As Republicans struggle to find a way to repeal and replace Obamacare, and liberals and conservatives gear up for a battle over Supreme Court nominee Neil Gorsuch, it strikes me that the same lesson can be drawn from both phenomena: how much easier it is to hold radical opinions when you have no hope of passing legislation.
What do I mean by that? Well, consider the Judicial Wars. Of course, different people will have different dates for the start of that long conflict, but there’s a plausible argument that it began with the sweeping decision in Roe v. Wade. At a stroke, the Supreme Court cut down all the nation’s abortion laws, and took the question out of the political process.
There has been a long-running argument about whether public opinion on abortion would have continued to liberalize after Roe v. Wade, rather than hardening into a remarkably stable equilibrium.
I tend to think that it would have, because Roe turned what had been a local political battle into a national one, and thereby galvanized social conservatives in (future) red states who would have otherwise been content not to think much about the issue.
And starting in the 1980s, when conservatives began a concerted effort to make the judiciary more friendly to laws restricting abortion (along with other conservative priorities), it similarly galvanized people on the left who otherwise would not have invested a considerable portion of their political identity in the question of abortion.
But perhaps more importantly, Roe made the issue binary. Most Americans do not believe that abortions should be legal right up until the moment the doctor hands the baby to Mom and says “It’s a girl”; conversely, most Americans do not actually believe that every abortion is first-degree murder for which woman and doctor should be jailed. About a quarter believe that it should be legal under all circumstances, with few-to-no restrictions; another fifth believe that it should be legal under few to none. The middle is mushier:
One extensive battery of survey questions asked since the early 1970s shows that people support abortion when the circumstances of the pregnancy are out of a woman's control (she has been raped, the life of the mother is at stake), but they oppose it when she can control the circumstances (she is married and doesn't want more kids, she is not married and doesn't want to marry the father).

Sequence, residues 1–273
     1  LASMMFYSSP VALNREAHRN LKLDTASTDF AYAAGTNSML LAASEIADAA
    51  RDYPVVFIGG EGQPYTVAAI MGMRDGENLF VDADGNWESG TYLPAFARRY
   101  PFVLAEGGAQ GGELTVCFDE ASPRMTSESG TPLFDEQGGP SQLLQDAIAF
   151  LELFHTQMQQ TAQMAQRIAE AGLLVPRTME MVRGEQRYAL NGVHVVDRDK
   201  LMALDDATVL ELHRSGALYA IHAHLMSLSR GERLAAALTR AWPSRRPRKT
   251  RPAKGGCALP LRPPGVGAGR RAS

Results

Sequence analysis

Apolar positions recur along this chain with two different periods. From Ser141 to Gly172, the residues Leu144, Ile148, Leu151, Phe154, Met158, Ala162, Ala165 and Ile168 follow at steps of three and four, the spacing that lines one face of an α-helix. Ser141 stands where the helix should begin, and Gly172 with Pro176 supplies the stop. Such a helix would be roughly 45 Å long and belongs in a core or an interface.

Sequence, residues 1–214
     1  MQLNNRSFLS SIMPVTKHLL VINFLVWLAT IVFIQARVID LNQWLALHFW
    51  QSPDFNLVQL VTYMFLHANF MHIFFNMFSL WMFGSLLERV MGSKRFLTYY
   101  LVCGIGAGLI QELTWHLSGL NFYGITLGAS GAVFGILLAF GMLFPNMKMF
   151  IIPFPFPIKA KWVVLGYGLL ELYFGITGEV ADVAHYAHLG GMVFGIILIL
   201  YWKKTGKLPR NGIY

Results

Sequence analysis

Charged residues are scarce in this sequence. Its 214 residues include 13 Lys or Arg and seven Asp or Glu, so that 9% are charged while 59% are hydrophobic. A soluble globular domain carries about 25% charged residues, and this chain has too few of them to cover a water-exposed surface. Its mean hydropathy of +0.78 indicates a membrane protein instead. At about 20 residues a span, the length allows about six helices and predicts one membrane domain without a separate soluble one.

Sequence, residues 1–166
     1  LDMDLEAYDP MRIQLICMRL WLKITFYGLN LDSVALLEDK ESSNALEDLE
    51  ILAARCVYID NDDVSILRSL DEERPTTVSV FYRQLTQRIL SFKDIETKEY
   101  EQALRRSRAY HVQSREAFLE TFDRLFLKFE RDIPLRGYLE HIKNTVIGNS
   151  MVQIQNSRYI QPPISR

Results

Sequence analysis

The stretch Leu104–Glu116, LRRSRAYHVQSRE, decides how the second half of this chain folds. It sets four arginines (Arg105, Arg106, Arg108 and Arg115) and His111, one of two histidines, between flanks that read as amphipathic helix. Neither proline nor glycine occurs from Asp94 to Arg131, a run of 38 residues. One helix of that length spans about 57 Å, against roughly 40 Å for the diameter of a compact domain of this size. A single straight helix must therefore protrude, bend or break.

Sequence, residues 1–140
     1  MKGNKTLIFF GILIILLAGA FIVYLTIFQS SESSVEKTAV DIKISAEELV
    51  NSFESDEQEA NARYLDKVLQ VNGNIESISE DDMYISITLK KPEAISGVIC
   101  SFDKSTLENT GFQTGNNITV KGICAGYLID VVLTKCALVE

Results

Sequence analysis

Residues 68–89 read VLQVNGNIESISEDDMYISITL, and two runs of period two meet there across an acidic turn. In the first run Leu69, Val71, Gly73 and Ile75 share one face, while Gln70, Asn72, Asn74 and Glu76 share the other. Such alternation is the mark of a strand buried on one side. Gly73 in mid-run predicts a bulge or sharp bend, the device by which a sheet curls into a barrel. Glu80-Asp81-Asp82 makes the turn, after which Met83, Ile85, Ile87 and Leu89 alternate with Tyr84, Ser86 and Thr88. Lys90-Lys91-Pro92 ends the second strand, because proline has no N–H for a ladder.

A normal legislative process would have to actually address this complex set of opinions head-on. We’d probably have ended up with some sort of European-style compromise, much less contentious abortion politics, and quite possibly, much less obsession on either side with getting control of the Supreme Court.
But when the Supreme Court exempted abortion from the legislative process, it also exempted political figures -- and voters -- from having to actually think through what abortion law should look like. The legislative action moved to secondary and tertiary and quaternary issues: spousal and parental notification, health code standards for clinics, whether the federal government should give any funding to organizations that performed abortions, even if the money was tied to some other activity the government wanted to promote.
When a court has precluded making actual policy, talk is cheap and extreme opinions abound. Placing the question of abortion beyond normal politics allowed voters and politicians to declare themselves to be for “life” or “choice” while rarely thinking hard about which choices should be made about which lives, and by whom.
If conservatives got their wish and saw Roe struck down tomorrow, they would probably be surprised by how painful and unsatisfying they’d find the legislative process that followed. The pro-choice side, meanwhile, might discover that blue states weren’t quite as blue as they’d fancied, when legislators could no longer justify later-term abortions on the grounds that the Supreme Court had left them no choice.
You can see where I’m going with this: Repealing Obamacare was another cheap opinion, easy to hold because it wasn’t going to happen. As long as Democrats held the presidency (and Republicans did not have the two-thirds majority in the Senate necessary to override a presidential veto), conservatives could favor full repeal without meditating on the havoc that actual repeal would wreak in the insurance market.
Nor did they need to do the long, hard work that the left had put in, thinking about what they wanted the insurance market to look like. Oh, there were wonks and a few legislators who had plans. But the Republican Party as a whole didn’t even really have a consensus on what role the government should play in ensuring that people had health insurance, much less what specific policies should support that role.
Had a more normal nominee gotten the nod, they might have put in that work over the last year, in anticipation of a Republican administration. Instead they got Trump, and a “November Surprise” that found them completely unprepared to actually do what they’d been promising for the better part of eight years.
Now Democrats get to be the ones holding the cheap opinions about how fantastic Obamacare would be if Republicans hadn’t gone and wrecked it, probably supplemented with wildly unlikely claims for a public option or single-payer system.
That’s how American politics works now, because the old legislative system, designed to steadily grind out pork-stuffed bipartisan compromises that satisfied no one, has broken down. We now have a new system in which almost everyone is a passenger rather than a driver -- and it’s much more fun for the passenger to offer backseat criticism of the driver than to read the map and try to work out how to get somewhere.
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